Perl printing examples

Perl printing FAQ: Can you share some Perl printing examples?

There are several different ways to print in Perl, and I thought I'd share some examples here today.

The Perl print function

Generally you'll print simple output with the Perl print function. As a simple example, you can print a string literal using the Perl print function, like this:

print "Hello, world.\n";

Notice that you need to supply the newline character at the end of your string. If you don't supply that newline character, and print multiple lines, they'll all end up on one long line of output, like this:

Hello, world.Hello, world.Hello, world.

So, when using the Perl print function, don't forget the newline character at the end of the string you're printing.

Printing Perl variables with print

In any real-world Perl script you'll need to print the value of your Perl variables. To print a variable as part of a a string, just use the Perl printing syntax as shown in this example:

$name = 'Alvin';
print "Hello, world, from $name.\n";

When you run this Perl script, you'll see the following output:

Hello, world, from Alvin.

Perl does the work of replacing the variable $name with the value of that variable, Alvin.

Perl printing - Double and single quotes

One important thing to note in this example is the use of double quotes with that Perl print statement. In Perl, when you place a variable inside of double quotes, Perl can replace the value of the variable name. This is called "variable interpolation", and it works when you use double quotes, but it does not work when you use single quotes.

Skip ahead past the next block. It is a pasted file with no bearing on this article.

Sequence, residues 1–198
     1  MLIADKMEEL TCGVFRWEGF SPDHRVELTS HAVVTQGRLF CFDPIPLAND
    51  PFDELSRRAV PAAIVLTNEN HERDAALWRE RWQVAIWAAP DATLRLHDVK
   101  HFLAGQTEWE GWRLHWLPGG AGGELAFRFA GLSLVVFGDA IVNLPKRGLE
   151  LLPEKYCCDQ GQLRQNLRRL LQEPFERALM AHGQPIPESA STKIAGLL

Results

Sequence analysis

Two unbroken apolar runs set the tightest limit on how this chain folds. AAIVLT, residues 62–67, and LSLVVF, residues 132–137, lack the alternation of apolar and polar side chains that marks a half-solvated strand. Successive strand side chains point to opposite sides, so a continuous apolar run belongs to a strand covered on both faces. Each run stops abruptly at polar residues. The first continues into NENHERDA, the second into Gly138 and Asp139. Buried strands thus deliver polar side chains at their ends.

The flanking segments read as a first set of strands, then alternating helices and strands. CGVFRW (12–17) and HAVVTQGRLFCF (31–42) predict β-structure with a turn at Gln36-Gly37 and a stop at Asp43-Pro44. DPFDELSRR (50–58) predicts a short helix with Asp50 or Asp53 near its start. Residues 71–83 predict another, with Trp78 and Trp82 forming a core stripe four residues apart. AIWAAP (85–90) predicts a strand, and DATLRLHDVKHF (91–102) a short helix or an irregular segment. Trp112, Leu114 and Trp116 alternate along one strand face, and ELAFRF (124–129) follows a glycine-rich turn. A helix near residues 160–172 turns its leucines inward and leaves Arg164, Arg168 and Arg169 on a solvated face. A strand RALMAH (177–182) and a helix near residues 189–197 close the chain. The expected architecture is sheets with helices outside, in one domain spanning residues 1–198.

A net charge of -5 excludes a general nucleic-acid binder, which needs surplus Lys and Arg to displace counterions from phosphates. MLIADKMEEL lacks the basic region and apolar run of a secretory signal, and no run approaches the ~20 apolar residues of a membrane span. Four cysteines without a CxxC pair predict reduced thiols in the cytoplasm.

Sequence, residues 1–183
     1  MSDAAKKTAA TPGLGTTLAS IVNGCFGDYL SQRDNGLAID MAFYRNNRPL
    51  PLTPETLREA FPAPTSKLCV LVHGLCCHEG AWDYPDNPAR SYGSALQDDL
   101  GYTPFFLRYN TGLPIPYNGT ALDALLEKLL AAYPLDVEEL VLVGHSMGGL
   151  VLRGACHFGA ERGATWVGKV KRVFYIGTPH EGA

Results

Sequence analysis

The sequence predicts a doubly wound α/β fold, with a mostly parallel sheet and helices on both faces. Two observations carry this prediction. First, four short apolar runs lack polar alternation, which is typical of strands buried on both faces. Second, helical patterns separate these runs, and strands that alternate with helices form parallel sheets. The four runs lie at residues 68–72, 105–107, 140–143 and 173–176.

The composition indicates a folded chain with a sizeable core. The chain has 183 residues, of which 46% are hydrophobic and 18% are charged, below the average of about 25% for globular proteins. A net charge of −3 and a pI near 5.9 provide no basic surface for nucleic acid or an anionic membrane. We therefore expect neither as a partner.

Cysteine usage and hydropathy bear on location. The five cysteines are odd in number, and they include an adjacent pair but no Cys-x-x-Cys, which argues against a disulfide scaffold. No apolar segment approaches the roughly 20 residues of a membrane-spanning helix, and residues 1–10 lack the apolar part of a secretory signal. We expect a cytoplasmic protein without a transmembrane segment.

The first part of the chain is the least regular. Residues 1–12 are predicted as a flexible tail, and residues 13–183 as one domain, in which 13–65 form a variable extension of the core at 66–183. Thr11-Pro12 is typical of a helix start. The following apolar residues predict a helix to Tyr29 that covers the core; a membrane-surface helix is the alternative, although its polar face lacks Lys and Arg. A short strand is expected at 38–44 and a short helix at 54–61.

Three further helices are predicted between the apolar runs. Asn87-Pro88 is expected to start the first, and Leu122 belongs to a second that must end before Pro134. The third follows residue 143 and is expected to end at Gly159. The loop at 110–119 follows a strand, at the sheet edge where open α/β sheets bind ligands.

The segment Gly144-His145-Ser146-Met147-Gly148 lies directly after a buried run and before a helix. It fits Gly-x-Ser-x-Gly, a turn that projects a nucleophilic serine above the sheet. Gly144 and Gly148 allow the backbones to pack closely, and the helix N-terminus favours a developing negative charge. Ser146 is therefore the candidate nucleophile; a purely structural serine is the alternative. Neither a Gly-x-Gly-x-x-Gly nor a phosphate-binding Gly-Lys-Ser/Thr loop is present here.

The Perl print function is essentially blind to anything you place inside single quotes, and will just print whatever you put in between single quotes without giving it a second thought. For example, if you try that same Perl print statement with single quotes, like this:

# this won't work as desired:
print 'Hello, world, from $name.\n';

In this example, Perl can't see inside the single quotes, so it can't replace $name with Alvin, and it ends up printing $name instead, as shown here:

Hello, world, from $name\n

I forgot to mention the \n character, but as you can see in that output, when you use single quotes, the Perl print function also can't see the \n character, so it just prints the two characters \ and n, instead of actually seeing that character and printing a newline character in its place.

Perl printing - Other ways to print Perl variables

I could have also printed that previous example as shown here:

$name = 'Alvin';
print "Hello, world, from " . $name . ".\n";

The result is the same, but I don't care for this Perl printing approach very much. For me, it's much harder to read, especially when you need to print more than one variable at a time.

Formatted printing with the Perl printf function

Finally, you can also print in Perl using the Perl printf function. I've covered the printf function in great detail in my Perl printf formatting tutorial, so I won't get into that again here. Please visit that tutorial for more information.

Other Perl printing ideas

I'm sure there are other Perl printing approaches than what I can think of right now, but I thought I'd put these out here to get started with. If you have any Perl printing examples you'd like to share, just use the comment form below.